– Galapagos volcano erupts – concern for endangered animals
Wolf, the highest volcano on the islands, erupted for the first time in six years. It is still not clear if there is any danger to the animal world.
In one of the Galapagos Islands, a volcano has erupted for the second time in seven years, harboring an endangered species of lizard. The Galapagos National Park Department announced this on Twitter on Friday.
The pink iguana lives on the slopes of the Wolf Volcano on Isabella Island. According to a count from last August, there are only 211 copies left.
According to the Geophysical Institute in the Ecuadorean capital Quito, the volcano released gas and an ash cloud up to 3.8 kilometers in height. Its southern and southeastern slopes were covered with lava flows.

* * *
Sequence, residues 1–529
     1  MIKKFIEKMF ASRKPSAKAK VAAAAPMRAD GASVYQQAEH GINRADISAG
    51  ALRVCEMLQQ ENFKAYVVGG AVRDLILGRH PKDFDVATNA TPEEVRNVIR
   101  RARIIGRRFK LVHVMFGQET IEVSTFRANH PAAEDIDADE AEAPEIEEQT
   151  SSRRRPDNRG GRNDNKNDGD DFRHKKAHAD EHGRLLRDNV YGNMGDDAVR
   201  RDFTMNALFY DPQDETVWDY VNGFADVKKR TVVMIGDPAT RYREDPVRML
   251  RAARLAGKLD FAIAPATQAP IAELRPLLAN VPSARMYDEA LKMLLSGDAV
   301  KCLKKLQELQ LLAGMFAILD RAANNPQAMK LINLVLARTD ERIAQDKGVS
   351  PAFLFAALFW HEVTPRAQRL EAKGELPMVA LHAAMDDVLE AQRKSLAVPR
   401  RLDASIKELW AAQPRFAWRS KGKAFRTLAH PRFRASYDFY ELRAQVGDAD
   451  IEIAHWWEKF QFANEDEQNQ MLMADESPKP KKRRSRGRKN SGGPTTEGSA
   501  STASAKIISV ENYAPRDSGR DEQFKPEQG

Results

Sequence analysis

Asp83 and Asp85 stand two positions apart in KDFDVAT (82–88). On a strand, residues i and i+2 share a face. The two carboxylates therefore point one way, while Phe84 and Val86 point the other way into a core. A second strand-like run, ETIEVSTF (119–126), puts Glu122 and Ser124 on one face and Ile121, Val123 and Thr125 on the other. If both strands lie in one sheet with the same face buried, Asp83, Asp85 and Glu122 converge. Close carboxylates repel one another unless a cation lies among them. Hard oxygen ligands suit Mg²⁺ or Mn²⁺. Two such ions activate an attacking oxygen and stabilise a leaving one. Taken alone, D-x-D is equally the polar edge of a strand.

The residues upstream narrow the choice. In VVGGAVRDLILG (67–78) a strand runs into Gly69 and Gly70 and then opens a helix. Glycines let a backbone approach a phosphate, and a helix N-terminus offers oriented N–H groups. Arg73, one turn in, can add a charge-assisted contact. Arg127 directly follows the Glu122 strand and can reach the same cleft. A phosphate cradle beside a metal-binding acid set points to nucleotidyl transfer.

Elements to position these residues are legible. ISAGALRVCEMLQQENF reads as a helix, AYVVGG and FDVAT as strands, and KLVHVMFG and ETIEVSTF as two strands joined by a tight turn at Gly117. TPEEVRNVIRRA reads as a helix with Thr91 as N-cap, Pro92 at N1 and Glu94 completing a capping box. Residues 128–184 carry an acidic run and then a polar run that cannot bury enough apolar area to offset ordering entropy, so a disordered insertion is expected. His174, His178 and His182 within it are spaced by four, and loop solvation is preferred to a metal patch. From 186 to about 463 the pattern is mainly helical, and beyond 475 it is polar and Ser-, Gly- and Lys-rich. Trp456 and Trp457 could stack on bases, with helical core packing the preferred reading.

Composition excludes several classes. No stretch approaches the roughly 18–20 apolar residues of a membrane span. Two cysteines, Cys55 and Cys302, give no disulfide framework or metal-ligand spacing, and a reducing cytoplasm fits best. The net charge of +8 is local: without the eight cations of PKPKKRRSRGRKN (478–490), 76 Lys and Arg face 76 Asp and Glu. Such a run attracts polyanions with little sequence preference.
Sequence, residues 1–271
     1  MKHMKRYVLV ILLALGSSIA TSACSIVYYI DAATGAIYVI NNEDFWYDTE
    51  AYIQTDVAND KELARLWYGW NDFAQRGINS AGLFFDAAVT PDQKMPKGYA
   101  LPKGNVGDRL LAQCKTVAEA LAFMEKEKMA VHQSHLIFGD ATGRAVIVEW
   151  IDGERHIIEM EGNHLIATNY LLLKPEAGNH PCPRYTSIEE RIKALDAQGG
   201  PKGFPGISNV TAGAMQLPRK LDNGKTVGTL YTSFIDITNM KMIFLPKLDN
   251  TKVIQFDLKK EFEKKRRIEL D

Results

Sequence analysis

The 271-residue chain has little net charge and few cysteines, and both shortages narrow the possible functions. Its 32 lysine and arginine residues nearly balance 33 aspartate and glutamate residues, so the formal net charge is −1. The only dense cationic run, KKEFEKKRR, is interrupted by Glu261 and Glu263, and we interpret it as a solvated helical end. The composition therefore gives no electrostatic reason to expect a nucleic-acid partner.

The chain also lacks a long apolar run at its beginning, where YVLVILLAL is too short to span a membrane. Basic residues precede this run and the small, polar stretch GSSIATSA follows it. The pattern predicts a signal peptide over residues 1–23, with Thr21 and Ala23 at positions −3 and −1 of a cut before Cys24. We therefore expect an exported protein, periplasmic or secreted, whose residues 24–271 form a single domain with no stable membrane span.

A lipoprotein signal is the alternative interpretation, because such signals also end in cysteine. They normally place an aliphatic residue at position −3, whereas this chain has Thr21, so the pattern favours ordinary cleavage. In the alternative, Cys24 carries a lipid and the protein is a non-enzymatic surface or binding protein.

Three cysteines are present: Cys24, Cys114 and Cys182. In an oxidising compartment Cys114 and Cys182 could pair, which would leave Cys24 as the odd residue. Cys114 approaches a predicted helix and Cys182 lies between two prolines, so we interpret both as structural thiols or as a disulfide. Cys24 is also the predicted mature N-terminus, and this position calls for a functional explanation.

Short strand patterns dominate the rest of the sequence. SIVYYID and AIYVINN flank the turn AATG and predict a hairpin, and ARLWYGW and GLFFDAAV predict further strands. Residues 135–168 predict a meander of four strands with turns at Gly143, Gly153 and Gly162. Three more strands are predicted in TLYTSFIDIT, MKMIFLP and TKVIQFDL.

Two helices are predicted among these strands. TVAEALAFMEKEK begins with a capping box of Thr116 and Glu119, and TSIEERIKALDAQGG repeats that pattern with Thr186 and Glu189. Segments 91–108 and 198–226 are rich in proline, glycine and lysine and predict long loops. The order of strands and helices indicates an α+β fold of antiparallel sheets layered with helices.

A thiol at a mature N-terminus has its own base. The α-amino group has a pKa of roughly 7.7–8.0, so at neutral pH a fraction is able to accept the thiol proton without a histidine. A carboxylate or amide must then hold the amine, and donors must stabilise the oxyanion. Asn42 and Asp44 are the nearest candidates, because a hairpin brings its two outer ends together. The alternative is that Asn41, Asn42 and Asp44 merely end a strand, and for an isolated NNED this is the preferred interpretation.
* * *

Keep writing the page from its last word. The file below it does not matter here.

Stay open to see if iguanas and other animals living on the island are in immediate danger of an outbreak. The well-studied and yellow species of pink iguanas and the famous Galapagos giant tortoise also live in the area.
The Galapagos Islands, which belong to Ecuador, have a variety of plants and animals unique in the world and have been a UNESCO World Heritage Site since 1978. The isolated archipelago in the Pacific Ocean is home to the largest number of endemic species in the world – that is, those that are found there Just. Charles Darwin also based his theory of evolution on his observations about islands in 1835.
Wolf Volcano last erupted in 2015 after a 33-year inactivity period without affecting local wildlife. The pink iguana lives exclusively in an area of 25 square kilometers on the volcano. First discovered in 1986 and described as a distinct species in 2009, it differs from the Galápagos land iguana.